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Showing: 6961-6970 results of 6974

CHAPTER I. French Mission of Peking—Glance at the Kingdom of Ouniot—Preparations for Departure—Tartar-Chinese Inn—Change of Costume—Portrait and Character of Samdadchiemba—Sain-Oula (the Good Mountain)—The Frosts on Sain-Oula, and its Robbers—First Encampment in the Desert—Great Imperial Forest—Buddhist monuments on the summit of the mountains—Topography of the Kingdom of... more...

CHAPTER I. Caravan of Khalkha-Tartars—Son of the King of Koukou-Noor—Sandara the Bearded—Two thousand Oxen are stolen from the Houng-Mao-Eul, or Long Hairs—Fearful Tumult at Tang-Keou-Eul—Description and character of the Long Hairs—Feasts of the First Day of the Year—Departure for the Lamasery of Kounboum—Arrival at Night—Old Akayé—The Kitat-Lama—The... more...


I sit down to perform my promise of giving you an account of a visit made many years since to Abbotsford. I hope, however, that you do not expect much from me, for the travelling notes taken at the time are so scanty and vague, and my memory so extremely fallacious, that I fear I shall disappoint you with the meagreness and crudeness of my details. Late in the evening of August 29, 1817, I arrived at the ancient little border town of Selkirk,... more...

CHAPTER I The one opened the door with a latch-key and went in, followed by a young fellow who awkwardly removed his cap.  He wore rough clothes that smacked of the sea, and he was manifestly out of place in the spacious hall in which he found himself.  He did not know what to do with his cap, and was stuffing it into his coat pocket when the other took it from him.  The act was done quietly and naturally, and the awkward young... more...


A WORD OF APOLOGY FOR MY TITLE. Before I begin my story, let me crave my reader's indulgence for a brief word of explanation, for which I know no better form than a parable. There is an Eastern tale—I forget exactly where or by whom told—of a certain poor man, who, being in extreme distress, and sorely puzzled as to how to eke out a livelihood, bethought him to give out that he was a great magician, endowed with the most marvellous... more...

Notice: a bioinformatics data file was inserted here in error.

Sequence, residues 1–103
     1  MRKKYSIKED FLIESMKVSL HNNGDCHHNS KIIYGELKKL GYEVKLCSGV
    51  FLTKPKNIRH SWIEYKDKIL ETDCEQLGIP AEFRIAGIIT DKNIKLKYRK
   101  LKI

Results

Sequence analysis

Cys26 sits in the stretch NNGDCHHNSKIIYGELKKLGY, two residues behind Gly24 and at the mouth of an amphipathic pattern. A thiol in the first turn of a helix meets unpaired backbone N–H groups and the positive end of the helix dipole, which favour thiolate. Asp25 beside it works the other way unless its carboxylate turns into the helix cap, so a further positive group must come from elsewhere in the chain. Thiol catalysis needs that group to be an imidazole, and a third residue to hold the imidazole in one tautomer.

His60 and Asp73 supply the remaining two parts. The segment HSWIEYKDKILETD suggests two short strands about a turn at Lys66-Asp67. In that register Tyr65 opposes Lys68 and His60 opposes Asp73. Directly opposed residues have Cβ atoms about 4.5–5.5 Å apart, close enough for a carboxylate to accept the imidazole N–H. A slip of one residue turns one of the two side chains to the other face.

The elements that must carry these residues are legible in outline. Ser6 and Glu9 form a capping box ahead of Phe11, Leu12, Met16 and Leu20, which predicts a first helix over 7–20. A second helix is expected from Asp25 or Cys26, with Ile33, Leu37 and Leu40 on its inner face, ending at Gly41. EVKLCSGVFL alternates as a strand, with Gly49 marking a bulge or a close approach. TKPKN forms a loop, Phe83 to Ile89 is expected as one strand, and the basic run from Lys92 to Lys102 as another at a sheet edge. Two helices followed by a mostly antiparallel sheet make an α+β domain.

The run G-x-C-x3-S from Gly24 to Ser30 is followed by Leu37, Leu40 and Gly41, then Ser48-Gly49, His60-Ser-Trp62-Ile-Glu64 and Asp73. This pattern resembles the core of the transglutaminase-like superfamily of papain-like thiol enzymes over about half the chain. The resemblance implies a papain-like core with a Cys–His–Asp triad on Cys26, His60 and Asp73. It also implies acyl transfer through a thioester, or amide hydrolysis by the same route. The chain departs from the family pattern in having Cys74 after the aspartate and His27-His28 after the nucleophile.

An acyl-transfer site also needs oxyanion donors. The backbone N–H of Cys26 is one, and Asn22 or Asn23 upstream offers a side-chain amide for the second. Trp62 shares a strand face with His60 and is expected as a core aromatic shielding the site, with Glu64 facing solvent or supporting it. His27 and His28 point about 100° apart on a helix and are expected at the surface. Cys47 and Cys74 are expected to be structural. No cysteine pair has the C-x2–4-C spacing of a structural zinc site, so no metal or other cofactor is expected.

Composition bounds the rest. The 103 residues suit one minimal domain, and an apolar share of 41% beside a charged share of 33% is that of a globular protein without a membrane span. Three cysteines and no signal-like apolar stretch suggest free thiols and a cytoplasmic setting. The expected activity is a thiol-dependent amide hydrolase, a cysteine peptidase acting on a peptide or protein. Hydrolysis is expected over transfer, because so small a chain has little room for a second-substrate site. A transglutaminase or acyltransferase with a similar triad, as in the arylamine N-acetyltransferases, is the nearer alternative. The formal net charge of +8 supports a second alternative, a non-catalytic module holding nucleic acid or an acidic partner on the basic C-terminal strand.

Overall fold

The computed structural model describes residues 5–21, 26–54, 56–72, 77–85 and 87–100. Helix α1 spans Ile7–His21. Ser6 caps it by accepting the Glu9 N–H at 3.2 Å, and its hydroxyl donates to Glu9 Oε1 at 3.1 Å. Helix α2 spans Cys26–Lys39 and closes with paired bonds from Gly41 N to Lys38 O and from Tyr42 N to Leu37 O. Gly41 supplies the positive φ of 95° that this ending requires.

The Winston Plan The date was December twenty-third. The time along the Greenwich meridian, from which all world times are measured, was 8:15 P.M. At widely scattered points around the globe, four voices were raised simultaneously. Even an experienced observer could not have found a connection between the four voices and what they were saying, yet each voice started actions that would soon be interwoven into a single pattern—a pattern of... more...

From what is said in the Introduction to the Monastery, it must necessarily be inferred, that the Author considered that romance as something very like a failure. It is true, the booksellers did not complain of the sale, because, unless on very felicitous occasions, or on those which are equally the reverse, literary popularity is not gained or lost by a single publication. Leisure must be allowed for the tide both to flow and ebb. But I was... more...

CHAPTER I THE EUROPEAN DISCOVERY OF AMERICA Leif Ericson. 1. Leif Ericson discovers America, 1000.--In our early childhood many of us learned to repeat the lines:-- Columbus sailed the ocean blueIn fourteen hundred, ninety-two. Leif discovers America, 1000. Higginson, 25-30; American History Leaflets, No. 3. We thought that he was the first European to visit America. But nearly five hundred years before his time Leif Ericson had... more...

INTRODUCTION The use of abbreviations is as old as the use of alphabets. In inscriptions and on coins and in other places where room is limited they have always been used in order to save space. The words GUILIELMUS QUARTUS DEI GRATIA REX BRITANNIARUM FIDEI DEFENSOR would hardly go around the circumference of a sixpence, three quarters of an inch in diameter. Therefore, we find them written GUILIELMUS IIII D: G: BRITANNIAR: REX F: D: In the... more...